A visit was paid to each kindergarten before the survey to deliver the questionnaires and to discuss the protocol with the kindergarten teachers. The parents were asked to complete a questionnaire specially designed for this study. The questionnaire consisted of four parts (Attached as Additional file 1) and the following information was collected:
The child’s personal data - sex, age, place of birth;
The child’s socio-economic background - parents’ education level and family income;
The child’s oral health-related behaviours – snacking habit, frequency of toothbrushing, brushing with or without adult assistance, and dental visit pattern; and
Parent’s dental knowledge.
To assess the parents’ dental knowledge, there were 21 multiple choice questions in the questionnaire on the causes and prevention of dental diseases . One score was given to each correct answer; and no score was given to a wrong or ‘don’t know’ answer. Thus, the total dental knowledge score could range from 0 to 21. The parents were then categorized into three groups according to their dental knowledge scores in 3 equal intervals - low (scored 0–7), middle (scored 8–14), and high (scored 15–21).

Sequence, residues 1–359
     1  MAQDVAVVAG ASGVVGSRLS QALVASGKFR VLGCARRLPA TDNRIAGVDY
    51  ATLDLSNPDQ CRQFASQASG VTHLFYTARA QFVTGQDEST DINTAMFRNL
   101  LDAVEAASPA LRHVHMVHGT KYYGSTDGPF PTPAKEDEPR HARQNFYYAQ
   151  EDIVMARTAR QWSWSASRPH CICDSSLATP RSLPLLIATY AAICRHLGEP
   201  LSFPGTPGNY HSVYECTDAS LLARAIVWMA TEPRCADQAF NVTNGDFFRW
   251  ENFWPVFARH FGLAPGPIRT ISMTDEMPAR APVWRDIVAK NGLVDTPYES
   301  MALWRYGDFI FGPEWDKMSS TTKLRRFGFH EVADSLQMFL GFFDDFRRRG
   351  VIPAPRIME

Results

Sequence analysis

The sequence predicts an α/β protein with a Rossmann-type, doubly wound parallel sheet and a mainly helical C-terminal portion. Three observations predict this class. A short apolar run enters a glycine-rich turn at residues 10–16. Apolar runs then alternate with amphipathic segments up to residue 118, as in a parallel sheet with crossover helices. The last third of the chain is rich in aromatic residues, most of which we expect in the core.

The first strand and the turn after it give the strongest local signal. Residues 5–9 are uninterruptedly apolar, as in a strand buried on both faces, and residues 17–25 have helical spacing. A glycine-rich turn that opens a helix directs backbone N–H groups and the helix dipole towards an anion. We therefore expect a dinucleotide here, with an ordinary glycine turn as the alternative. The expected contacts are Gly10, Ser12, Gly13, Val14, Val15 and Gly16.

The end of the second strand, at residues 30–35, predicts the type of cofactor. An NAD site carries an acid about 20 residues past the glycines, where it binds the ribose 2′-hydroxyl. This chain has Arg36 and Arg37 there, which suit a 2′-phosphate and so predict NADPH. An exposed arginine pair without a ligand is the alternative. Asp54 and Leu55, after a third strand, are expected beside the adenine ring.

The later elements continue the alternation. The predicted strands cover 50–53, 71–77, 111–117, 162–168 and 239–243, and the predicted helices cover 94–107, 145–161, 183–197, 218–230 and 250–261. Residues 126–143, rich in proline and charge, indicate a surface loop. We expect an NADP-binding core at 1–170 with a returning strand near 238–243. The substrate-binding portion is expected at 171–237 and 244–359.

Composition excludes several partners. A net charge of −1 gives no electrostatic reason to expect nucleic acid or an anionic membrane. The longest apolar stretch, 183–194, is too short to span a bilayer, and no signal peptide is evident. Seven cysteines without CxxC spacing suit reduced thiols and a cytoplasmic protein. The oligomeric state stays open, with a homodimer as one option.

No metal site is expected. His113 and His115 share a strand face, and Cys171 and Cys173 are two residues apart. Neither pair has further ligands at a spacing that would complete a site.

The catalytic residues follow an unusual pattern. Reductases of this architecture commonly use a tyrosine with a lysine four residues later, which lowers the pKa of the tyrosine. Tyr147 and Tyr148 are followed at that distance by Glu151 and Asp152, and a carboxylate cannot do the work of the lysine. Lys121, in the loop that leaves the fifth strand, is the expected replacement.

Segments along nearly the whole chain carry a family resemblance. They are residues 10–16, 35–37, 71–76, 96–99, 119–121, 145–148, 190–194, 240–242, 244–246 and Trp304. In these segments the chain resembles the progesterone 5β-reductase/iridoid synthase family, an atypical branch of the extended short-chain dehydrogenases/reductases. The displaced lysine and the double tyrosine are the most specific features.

The clinical examinations of the preschool children were carried out by two trained and calibrated examiners using disposable dental mirrors, intra-oral LED lights, and ball-ended WHO CPI probes. Diagnosis of dental caries was made according to the criteria recommended by the World Health Organization , i.e. when a lesion in a pit or fissure, or on a smooth tooth surface, had an unmistakable cavity, undermined enamel or a detectably softened floor or wall. The dmft index was used to record the dental caries experience of the primary dentition of the children: ‘d’ stands for decayed tooth, ‘m’ denotes missing tooth due to decay, and ‘f’ represents filled tooth. Calibration of examiners with an experienced oral epidemiologist was carried out on five child patients of a dental hospital prior to the survey. Duplicate examinations were carried out on 10% of the children during the survey. Kappa statistic was used to assess the inter-examiner reproducibility.